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Female involvement in gangs
The academic literature largely ignores
the role that females play in gangs and sees
gang membership as a male phenomenon,
thus fostering a major myth that gang mem-
bership (juvenile and adult) is the main
domain of males. Indeed, there is a wide-
spread myth that females are not involved
in gang activities in the Caribbean. This,
however, is rapidly changing as there is
now an explosion of girls in gangs as well
as female-led gangs operating either with-
in all-male gangs or by themselves.
Presently, there are a number of theories
which explain male participation in gangs.
Explanatory variables include poor econom-
ic conditions (Perkins 1987; Zatz 1987), drug
use and marketing (Molidar 1996; Spergel
and Curry 1990), family dysfunction (Mol-
idar 1996; Teilmann and Landry 1981), peer
pressure (Campbell 1984) and poor self-es-
teem (Huff 1990; Chesney-Lind 1989).
In contrast, the theories relating to female
gang members are less comprehensive. Such
theories consistently attempt to explain
female gang membership by arguing that
females who join gangs may be socially inept,
physically unattractive or psychologically
impaired (Bowker and Klein 1983; Rosenbaum
1991). Additional explanations for female
gang involvement were that such persons
are socially maladjusted, came from broken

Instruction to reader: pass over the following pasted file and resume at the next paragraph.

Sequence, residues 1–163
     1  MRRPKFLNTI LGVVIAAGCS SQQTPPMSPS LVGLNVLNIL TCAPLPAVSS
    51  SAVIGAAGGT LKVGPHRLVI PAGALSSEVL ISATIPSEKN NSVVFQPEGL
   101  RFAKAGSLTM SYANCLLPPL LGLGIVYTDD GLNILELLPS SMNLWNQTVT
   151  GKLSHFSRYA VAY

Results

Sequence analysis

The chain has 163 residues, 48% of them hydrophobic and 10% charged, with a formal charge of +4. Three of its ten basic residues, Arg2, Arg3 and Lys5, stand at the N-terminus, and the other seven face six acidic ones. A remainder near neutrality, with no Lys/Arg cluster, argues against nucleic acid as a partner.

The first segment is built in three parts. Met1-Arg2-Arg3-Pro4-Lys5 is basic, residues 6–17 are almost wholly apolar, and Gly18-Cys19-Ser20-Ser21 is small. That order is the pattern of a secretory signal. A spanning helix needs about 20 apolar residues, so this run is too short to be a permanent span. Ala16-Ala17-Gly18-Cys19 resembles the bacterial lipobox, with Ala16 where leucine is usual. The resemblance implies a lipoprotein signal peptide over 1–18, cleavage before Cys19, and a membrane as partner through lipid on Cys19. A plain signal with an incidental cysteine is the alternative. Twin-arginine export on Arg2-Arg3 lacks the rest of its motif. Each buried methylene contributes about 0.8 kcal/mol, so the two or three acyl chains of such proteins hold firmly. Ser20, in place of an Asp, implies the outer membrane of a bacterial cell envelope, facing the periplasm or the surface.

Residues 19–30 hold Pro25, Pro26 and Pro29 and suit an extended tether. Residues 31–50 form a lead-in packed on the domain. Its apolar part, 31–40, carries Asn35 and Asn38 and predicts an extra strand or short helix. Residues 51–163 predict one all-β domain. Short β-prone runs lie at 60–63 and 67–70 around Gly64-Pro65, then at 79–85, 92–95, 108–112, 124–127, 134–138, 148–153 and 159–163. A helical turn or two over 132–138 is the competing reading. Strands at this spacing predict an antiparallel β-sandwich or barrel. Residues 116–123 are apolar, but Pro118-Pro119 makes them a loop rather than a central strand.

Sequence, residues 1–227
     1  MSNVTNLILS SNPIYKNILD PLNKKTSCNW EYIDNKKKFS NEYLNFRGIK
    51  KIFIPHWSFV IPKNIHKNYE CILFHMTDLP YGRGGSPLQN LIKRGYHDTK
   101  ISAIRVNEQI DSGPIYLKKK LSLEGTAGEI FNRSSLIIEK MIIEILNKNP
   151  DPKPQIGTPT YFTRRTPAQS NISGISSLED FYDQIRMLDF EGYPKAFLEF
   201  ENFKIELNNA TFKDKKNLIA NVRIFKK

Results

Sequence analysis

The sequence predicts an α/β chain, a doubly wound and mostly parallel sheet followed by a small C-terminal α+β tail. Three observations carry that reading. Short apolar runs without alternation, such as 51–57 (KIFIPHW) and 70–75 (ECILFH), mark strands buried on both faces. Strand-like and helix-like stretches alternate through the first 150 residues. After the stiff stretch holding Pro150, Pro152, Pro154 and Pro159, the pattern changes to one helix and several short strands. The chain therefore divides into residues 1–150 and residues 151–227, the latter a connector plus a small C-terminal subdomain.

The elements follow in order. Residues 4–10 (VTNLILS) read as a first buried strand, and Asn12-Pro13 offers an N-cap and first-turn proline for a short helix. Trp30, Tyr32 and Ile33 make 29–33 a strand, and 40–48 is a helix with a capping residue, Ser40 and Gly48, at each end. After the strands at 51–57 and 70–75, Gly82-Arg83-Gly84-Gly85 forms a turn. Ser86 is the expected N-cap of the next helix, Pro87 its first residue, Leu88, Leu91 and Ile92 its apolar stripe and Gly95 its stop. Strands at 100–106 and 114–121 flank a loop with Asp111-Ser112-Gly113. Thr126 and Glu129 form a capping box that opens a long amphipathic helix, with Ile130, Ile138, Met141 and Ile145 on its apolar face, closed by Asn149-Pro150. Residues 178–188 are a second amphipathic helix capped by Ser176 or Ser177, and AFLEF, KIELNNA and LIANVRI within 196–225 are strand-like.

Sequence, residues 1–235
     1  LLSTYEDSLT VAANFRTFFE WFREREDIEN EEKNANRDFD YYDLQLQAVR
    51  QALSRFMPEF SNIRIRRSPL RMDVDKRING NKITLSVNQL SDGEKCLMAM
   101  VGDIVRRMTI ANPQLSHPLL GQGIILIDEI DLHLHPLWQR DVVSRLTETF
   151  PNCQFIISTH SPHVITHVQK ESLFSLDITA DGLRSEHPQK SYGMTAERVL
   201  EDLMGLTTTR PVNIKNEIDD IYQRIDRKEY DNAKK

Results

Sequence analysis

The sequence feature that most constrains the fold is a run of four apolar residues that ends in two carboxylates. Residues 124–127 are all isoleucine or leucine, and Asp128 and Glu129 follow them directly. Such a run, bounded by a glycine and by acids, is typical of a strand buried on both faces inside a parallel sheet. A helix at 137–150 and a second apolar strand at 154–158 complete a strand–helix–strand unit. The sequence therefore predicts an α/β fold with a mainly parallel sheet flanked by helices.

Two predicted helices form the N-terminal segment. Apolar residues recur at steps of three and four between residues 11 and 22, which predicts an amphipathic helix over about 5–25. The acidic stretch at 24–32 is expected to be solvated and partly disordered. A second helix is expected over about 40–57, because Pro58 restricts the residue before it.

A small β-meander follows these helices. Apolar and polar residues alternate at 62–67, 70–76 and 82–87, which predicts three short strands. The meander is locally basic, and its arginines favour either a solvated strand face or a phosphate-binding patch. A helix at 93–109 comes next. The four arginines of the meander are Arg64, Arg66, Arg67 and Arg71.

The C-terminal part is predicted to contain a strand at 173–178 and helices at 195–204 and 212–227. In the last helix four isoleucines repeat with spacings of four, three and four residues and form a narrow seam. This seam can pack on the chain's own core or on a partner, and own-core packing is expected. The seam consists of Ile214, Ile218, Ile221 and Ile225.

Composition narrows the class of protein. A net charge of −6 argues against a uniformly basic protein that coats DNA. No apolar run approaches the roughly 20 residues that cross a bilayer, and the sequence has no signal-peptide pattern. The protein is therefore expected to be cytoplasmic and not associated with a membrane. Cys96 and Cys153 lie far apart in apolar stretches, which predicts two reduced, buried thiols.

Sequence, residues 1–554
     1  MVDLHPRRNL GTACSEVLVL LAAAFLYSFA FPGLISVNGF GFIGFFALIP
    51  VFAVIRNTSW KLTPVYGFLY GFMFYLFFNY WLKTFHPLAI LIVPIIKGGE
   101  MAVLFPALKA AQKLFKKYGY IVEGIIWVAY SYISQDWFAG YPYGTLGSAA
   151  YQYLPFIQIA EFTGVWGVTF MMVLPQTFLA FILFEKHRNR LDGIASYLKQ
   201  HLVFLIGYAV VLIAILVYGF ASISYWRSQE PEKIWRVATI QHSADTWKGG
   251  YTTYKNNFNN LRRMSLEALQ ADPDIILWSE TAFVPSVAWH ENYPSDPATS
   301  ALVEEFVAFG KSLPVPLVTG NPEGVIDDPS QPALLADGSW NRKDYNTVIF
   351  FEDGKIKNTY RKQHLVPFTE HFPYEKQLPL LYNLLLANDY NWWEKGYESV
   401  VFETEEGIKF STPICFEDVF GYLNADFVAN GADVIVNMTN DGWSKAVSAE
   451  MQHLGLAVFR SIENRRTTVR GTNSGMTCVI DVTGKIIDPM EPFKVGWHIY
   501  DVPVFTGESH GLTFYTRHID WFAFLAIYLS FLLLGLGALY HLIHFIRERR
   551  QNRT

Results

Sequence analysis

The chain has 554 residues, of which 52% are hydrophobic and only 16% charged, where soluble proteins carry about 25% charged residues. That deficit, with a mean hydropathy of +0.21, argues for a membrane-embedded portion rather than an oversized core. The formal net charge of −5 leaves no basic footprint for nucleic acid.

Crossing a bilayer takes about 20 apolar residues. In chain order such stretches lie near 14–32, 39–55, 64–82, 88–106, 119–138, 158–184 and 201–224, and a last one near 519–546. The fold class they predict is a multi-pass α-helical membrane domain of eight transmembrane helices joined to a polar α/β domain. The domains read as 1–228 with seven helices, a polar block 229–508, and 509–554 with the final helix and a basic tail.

and unhappy homes, and did not relate well
to the opposite sex (Spergel 1992).
In Girls and Gangs in Trinidad, Wallace
(2013) debunks that myth and succinctly
shows that girl gangs and girls in gangs or
acting as gang affiliates is an ever-increasing
phenomenon in the Caribbean.
In the UK, Louisa Peacock (2014) writing
on Girl gangsters in the UK said that young
women are often portrayed as victims in
gangs, but a growing number of experts
acknowledge the rise of the 'gangster girl'
According to a senior prison official who
was interviewed in 2013, an estimated 30%
of the female inmates at local correctional
facilities in Trinidad and Tobago are incar-
cerated for gang-related crimes.
There are a number of identifiable roles
that girls take up within gangs:
• Gangster girls: young women who adopt
male personas within gangs;
• Female family members of gang members;
• Wifeys/girlfriends: young women in a
recognised relationship with gang-in-
• Baby-mothers: young women who have
children with gang-involved males;
• Links: young women who are associated
through 'casual' sex with one or more
members of the gang.
• Agent provocateurs
• Provision of alibis and safe houses
• Tools of escape
• Provision of sensitive and confidential
• Put victims in place (for victimisation)
• Why do children join groups/gangs?
PULLS AND PUSHES.
Pulls pertain to the attractiveness of the
gang. Gang membership can enhance pres-
tige or status among friends, especially girls
(for boys) and provide opportunities to be
Social, economic, and cultural forces push
many adolescents in the direction of gangs.
HOW GANGS FUNCTION-
• Type of gang members
• Hard-core members (most violent crim-
inal members of the gang).
• Marginal members (often referred to as
"wannabes"). These members drift in and
out of the gang according to their needs.
HOW DO GANGS DISPLAY THEIR IDENTITY
Identifying gangs is a difficult enterprise.
The key is to be able to identify what is gang
specific and what is simply representative
of current adolescent fashion trends. This is
not easy. Simply providing a list of visual
factors that contribute to gang identity does
not necessarily help in describing what a
gang member looks like. It is erroneous to
assume that just knowing these factors will